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Reactive species control uptake of the excitatory neurotransmitter glutamate mainly by oxidation of protein sulfhydryl groups in rat cortical astrocytes [ 42 ]. The NO nitric oxide free radical molecule can freely cross cell membranes, acting as a neurotransmitter, neuromodulator, and messenger. Neuronal NO modulates synaptic activity by regulating neurotransmitter release and takes part in processes involved in synaptic plasticity, such as long-term potentiation, depression and synaptogenesis [ 43 - 46 ].

NO, as a diffusible messenger, increases glutamate release in NMDA receptor activation processes [ 47 ].

Nitric Oxide and Related Substances as Neural Messengers

NADPH oxidases nicotinamide adenine dinucleotide phosphate-oxidase and other sources of superoxide are required for the hippocampal long-term potentiation LTP and hippocampus-dependent memory [ 48 - 51 ]. The NMDA subtype of glutamate receptors consists of a complex of various subunits. Hydrogen peroxide H 2 O 2 is emerging as a ubiquitous messenger in various cells and the brain. Oxidative deamination of monoamines by mitochondrial MAO is accompanied by the reduction of molecular oxygen to H 2 O 2.

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Recently, Bao et al. In brief, many experiments have provided evidence that reactive species act as essential signals during physiological pathophysiological processes in cells and the brain. To date, usually, mitochondria are considered as simple cellular energy sources in most scientific literatures. However, there is accumulating evidence that mitochondria function as essential centres for cellular signaling pathways in cells.

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According to Aon et al. Namely, the coordination between mitochondria within the network appears to be ROS mediated. Mitochondria are poised at the convergence of most anabolic and catabolic pathways through the tricarboxylic acid cycle. Thus, mitochondria can act as metabolic and redox hubs due to their numerous links to other pathways as inputs sources or outputs sinks.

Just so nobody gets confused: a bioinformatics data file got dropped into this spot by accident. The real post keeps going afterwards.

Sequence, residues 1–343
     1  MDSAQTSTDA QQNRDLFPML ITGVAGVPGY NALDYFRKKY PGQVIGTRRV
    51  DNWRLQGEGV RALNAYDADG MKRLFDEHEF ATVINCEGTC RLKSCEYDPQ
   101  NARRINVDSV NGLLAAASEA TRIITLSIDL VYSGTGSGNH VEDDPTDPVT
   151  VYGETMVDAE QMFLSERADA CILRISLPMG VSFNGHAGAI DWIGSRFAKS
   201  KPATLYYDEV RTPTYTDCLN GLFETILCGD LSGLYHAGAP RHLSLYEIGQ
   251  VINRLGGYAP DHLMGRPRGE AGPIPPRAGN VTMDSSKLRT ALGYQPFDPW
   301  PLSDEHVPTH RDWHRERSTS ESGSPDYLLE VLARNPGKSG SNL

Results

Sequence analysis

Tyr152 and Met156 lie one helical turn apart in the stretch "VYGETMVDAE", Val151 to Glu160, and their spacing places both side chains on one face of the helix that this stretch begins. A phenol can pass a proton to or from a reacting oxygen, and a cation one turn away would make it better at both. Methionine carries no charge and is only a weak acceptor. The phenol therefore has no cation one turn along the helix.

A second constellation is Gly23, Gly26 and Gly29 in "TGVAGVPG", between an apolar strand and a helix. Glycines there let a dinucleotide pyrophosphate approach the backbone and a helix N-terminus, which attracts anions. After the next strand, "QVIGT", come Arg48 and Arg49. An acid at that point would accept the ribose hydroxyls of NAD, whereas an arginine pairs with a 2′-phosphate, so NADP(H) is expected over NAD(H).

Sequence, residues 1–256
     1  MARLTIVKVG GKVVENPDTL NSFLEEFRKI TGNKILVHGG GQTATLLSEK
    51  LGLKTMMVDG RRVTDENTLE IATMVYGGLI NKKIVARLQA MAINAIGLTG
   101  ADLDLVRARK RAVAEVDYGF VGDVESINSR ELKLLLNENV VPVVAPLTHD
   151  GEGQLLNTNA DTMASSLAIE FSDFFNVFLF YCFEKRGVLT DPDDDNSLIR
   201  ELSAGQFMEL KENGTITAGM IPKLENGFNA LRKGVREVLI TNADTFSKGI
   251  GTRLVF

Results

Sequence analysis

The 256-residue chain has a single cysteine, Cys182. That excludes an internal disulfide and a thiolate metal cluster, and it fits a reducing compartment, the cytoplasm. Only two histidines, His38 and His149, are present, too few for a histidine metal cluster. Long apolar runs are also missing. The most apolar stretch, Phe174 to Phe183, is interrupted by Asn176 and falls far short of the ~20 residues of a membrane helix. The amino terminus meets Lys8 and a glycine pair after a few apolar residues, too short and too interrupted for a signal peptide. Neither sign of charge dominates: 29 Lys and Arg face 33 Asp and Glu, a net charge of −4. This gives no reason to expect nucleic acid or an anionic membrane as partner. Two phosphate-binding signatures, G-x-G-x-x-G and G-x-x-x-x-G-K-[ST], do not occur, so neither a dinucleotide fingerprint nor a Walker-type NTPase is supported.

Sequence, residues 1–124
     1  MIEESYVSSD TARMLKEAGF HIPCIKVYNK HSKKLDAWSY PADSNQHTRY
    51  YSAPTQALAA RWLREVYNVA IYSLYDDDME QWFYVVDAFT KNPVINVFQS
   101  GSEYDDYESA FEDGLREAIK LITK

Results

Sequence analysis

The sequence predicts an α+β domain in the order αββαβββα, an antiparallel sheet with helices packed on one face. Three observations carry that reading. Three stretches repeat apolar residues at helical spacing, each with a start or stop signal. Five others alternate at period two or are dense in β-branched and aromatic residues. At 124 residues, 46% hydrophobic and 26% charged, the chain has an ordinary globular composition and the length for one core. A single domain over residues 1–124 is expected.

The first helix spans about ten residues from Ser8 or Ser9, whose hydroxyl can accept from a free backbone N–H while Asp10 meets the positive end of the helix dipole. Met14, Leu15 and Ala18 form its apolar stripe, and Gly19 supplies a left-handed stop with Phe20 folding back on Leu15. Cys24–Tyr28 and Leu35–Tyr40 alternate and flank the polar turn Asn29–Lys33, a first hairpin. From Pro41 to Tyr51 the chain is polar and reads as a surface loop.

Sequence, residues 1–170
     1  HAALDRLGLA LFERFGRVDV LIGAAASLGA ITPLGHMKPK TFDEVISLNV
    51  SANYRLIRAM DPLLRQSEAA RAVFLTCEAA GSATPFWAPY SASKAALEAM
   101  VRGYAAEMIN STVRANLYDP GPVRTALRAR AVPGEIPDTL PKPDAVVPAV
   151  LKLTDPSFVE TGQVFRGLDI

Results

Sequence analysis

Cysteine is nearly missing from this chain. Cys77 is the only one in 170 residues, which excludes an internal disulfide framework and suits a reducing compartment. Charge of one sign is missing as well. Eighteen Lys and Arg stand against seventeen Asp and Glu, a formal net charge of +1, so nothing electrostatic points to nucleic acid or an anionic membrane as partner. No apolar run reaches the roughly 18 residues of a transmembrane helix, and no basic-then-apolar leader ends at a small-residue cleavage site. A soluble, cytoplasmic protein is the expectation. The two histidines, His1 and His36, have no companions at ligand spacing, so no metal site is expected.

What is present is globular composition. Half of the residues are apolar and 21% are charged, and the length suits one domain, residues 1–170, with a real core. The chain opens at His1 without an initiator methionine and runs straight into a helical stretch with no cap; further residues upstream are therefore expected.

In addition, growing evidence demonstrates that shapes and spatiotemporal arrangements of mitochondria can be very different in different cell types [ 56 ]. Moreover, activity-dependent mitochondrial redistribution takes place in neurons [ 57 ]. Mitochondria are essential determinant of the excitability and viability of neurons.

In contrast to the textbook description of mitochondria as small spherical organelles in cells, mitochondria in muscular, neuronal and connective tissue are principally filamentous [ 56 , 59 , 60 ].

Mitochondria are functionally connected, i. Mitochondria continuously fuse and divide, and their morphology and intracellular distribution change according to the energy demands of cells [ 61 , 62 ]. Because mitochondria are key players in cellular redox homeostasis and signaling and one of the main sources of free radicals, they play a central role in redox-dependent post-translational reversible oxidative modifications of proteins such as tyrosine phosphatases and protein tyrosine kinases.

Mitochondria also participate in the synthesis and secretion of neurotransmitters. Some essential steps in the metabolism of the major excitatory neurotransmitter glutamate and the principal inhibitory neurotransmitter GABA gamma-aminobutyric acid take place in the mitochondrial tricarboxylic acid cycle [ 63 ]. Besides, mitochondrial monoamine oxidase MAO enzyme performs a key metabolic role in the turnover of serotonin, dopamine, norepinephrine, and epinephrine in the brain [ 64 - 66 ].

Oxidative deamination of monoamines by mitochondrial MAOs is accompanied by the reduction of molecular oxygen to H 2 O 2. Namely, reactive species are generated by mitochondrial monoamine oxidases during natural metabolism of serotonin, norepinephrine, epinephrine, and dopamine. Because oxidative deamination of monoamines by mitochondrial MAOs is a regulated process, reactive species generated during oxidative deaminations may also serve as essential signaling molecules in cells.

In contrast, excess unregulated production of dopamine monoamines can induce overproduction of H 2 O 2 and superoxides via monoamine oxidases, as well as leading to an excess of auto-oxidized dopamine that can cause lipid peroxidation and DNA and protein modifications and interact with the mitochondrial electron transport system. Dopamine can inhibit brain mitochondrial respiration that involves generation of reactive oxygen species [ 67 ].

In addition, dopamine-associated inhibition of mitochondrial respiration is dependent on MAO and H 2 O 2 [ 68 ]. Recently, it was demonstrated that the neurotransmitter dopamine and serotonin 5-HT can reversibly regulate mitochondrial motility and distribution in cultured hippocampal neurons [ 69 , 70 ]. Chen et al.